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How to reduce overhead costs?
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Reducing overhead costs can save you thousands of dollars. There are multiple ways to reduce your overhead costs and still be productive. Overhead are accountable for large money quantities that can make the difference in your operational costs. Here we present some ideas on how to cut or reduce your overhead costs.

Vehicle Fleet

If you have a large vehicle and truck fleet, you need to study their consumption and how operating costs are getting larger. Analyze the quantity and size of your fleet and determine if you need to sell those unused vehicles or trucks in the other hand if you need to replace those old vehicles with newer or more efficient ones. In addition, for those employees who need a company pickup, parking it at the contractor's place of business overnight is now becoming commonplace to discourage personal use of company assets.
Go Green
The same rigorous environmental standards that people are beginning to use at home could be applied on the business premises. Any item that can be reused--disks, paper, folders and so on--should be reused. Items that cannot be reused should be recycled whenever possible. This will not only cut your purchasing costs, it could also reduce your trash collection bill.

If an employee comes to you with a savvy solution, credit him for coming up with a cost-cutting idea that saves your company money. Creating incentive plans for beneficial ideas such as employee discounts, added time off, free lunch for a week in the company cafeteria, or even a cash bonus may win greater favor and support than just an honorable mention in the company newsletter.
Negotiate Contracts

Times are difficult for everyone in the construction industry. Develop stronger relationships with fewer suppliers who are not focused on maximizing current margins, but on creating long term relationships. Also try to contact that old friend that you can really talk with him with open books. A good friend sometimes can get better and discounted prices for you.
New Technology

Investigate ways that your company can do things faster at a reduced cost. Make sure your practices and procedures are up-to-date and look for streamlined processes. Incorporate energy-efficient lighting and cleaner ways to operate into the plan.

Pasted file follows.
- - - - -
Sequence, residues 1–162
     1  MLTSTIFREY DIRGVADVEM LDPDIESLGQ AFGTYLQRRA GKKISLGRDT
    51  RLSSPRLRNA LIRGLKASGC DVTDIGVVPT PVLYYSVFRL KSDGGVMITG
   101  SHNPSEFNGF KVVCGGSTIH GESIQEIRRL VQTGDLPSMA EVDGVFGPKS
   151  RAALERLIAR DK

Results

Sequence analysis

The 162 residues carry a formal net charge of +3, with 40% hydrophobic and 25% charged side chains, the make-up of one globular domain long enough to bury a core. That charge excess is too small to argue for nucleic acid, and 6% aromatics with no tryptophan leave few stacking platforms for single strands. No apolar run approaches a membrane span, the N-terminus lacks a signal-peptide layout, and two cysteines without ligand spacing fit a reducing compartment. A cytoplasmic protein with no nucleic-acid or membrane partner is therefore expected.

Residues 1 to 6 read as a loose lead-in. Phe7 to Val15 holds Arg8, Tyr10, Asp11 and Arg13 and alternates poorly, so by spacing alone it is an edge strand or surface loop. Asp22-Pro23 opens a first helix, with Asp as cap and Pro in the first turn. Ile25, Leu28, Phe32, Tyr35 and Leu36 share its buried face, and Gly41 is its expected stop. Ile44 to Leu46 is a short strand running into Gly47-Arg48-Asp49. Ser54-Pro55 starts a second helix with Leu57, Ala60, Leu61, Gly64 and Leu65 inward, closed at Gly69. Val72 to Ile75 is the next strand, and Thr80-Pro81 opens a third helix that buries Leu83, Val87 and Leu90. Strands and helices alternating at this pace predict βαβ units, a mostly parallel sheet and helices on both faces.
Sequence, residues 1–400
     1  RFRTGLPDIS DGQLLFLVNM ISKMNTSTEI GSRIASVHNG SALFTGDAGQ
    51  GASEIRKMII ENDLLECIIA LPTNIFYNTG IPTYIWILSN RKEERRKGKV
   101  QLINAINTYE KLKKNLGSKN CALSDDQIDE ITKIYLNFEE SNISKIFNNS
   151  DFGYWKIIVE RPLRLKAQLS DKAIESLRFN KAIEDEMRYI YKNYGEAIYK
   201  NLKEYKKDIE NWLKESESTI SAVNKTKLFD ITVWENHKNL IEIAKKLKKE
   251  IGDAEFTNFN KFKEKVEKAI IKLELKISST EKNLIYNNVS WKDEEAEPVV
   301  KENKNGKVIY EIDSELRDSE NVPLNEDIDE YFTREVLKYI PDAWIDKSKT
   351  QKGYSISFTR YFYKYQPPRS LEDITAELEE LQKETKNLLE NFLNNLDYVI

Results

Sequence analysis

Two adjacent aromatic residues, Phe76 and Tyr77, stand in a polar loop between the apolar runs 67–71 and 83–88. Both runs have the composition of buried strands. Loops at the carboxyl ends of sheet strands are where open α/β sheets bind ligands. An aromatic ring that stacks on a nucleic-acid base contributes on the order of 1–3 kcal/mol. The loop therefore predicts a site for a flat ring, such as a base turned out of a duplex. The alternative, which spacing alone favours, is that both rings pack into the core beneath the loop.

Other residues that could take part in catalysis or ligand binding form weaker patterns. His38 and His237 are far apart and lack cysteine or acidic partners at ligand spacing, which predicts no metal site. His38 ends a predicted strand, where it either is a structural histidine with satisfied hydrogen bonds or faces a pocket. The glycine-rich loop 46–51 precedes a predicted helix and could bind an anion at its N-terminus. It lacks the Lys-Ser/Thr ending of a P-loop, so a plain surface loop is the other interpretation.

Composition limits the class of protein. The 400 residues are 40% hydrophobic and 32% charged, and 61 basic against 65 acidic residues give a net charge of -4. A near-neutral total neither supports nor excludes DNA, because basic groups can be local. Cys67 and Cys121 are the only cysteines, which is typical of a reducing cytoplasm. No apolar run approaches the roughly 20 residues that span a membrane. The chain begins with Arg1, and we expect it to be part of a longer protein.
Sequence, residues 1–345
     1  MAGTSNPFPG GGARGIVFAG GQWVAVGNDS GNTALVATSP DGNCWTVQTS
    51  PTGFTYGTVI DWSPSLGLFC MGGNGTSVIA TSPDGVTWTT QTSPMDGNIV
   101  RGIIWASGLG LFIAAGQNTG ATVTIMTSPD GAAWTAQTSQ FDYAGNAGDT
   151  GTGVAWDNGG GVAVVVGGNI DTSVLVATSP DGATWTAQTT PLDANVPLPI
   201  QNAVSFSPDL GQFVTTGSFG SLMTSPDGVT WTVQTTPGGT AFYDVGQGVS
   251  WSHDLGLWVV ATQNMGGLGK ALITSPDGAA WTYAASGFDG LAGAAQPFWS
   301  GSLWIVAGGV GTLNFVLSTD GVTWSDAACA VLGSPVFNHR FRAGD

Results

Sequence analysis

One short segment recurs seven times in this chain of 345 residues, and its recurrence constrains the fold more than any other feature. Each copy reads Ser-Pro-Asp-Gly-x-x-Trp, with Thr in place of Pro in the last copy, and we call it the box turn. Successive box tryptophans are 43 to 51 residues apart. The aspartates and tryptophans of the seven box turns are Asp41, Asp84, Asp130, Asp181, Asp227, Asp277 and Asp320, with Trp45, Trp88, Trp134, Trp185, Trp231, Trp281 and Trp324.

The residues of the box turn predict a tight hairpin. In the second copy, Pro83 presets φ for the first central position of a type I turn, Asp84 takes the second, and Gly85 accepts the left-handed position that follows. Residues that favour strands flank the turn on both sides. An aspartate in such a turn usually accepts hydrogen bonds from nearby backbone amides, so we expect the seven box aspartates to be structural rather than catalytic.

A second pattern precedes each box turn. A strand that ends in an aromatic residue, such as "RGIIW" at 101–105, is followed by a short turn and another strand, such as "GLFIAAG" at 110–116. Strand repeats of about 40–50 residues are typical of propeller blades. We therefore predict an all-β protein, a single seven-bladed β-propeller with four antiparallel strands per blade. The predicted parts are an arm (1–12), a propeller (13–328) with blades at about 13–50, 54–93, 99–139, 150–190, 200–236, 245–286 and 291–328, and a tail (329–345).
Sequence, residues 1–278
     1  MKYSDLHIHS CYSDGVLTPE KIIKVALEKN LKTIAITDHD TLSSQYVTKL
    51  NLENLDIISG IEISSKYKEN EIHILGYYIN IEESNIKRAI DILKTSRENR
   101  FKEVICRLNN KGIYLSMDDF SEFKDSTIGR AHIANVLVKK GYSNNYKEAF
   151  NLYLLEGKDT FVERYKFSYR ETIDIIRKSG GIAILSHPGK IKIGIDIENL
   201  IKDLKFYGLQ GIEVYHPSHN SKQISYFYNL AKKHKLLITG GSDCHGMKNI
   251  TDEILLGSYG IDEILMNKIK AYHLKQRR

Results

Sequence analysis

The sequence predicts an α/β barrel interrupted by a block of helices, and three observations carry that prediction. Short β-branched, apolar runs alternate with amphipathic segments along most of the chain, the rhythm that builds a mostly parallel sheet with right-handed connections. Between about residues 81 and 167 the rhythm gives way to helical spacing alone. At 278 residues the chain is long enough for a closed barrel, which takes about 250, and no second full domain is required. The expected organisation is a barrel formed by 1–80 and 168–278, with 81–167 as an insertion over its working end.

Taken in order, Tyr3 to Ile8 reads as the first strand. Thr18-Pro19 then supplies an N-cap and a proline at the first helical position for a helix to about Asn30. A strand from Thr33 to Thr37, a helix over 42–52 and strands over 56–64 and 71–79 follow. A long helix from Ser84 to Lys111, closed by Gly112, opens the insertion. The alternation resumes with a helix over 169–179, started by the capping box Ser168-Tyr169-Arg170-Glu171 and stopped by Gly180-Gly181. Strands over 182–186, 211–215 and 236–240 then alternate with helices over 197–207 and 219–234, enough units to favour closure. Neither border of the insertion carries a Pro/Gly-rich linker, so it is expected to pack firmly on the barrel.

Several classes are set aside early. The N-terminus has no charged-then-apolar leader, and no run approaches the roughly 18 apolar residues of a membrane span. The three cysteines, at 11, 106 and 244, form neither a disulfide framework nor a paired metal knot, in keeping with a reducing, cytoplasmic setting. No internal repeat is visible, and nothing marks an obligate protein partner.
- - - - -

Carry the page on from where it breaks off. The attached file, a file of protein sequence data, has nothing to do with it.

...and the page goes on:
Multipurpose Labors

In difficult economic market times, we are all trying to do more with less. Maximum productivity from each employee is the goal. Identify, look or hire workers that can serve in multiple roles and eliminate downtime while they are waiting on another key task in the critical path of construction to complete.
Change Orders

Contractors love to build! Prior to get that extra work or change order done, analyze the circumstances and why that change is occurring. Invest in a tightly controlled change order process to ensure that work done beyond the scope of the contract will be well-documented and approved prior to incurring additional costs.
Transaction Taxes

Construction materials can be purchased tax-free and then warehoused until needed for a construction contract. Transaction taxes are not due until they are transferred to the entity performing the construction, normally resulting in an immediate cash saving by delaying the payment of tax. A side benefit to a purchasing company may accrue to the contractor by allowing a more centralized approach to inventory management.
Spend Money

Spend Money? Key employees need to be cared for and kept happy. Look at long-term compensation and retention programs to make sure that your key employees stay with you during tough times. Invest in safety programs to lower workers compensation costs. Sit down with employees and getting their opinions as to how overhead can best be trimmed.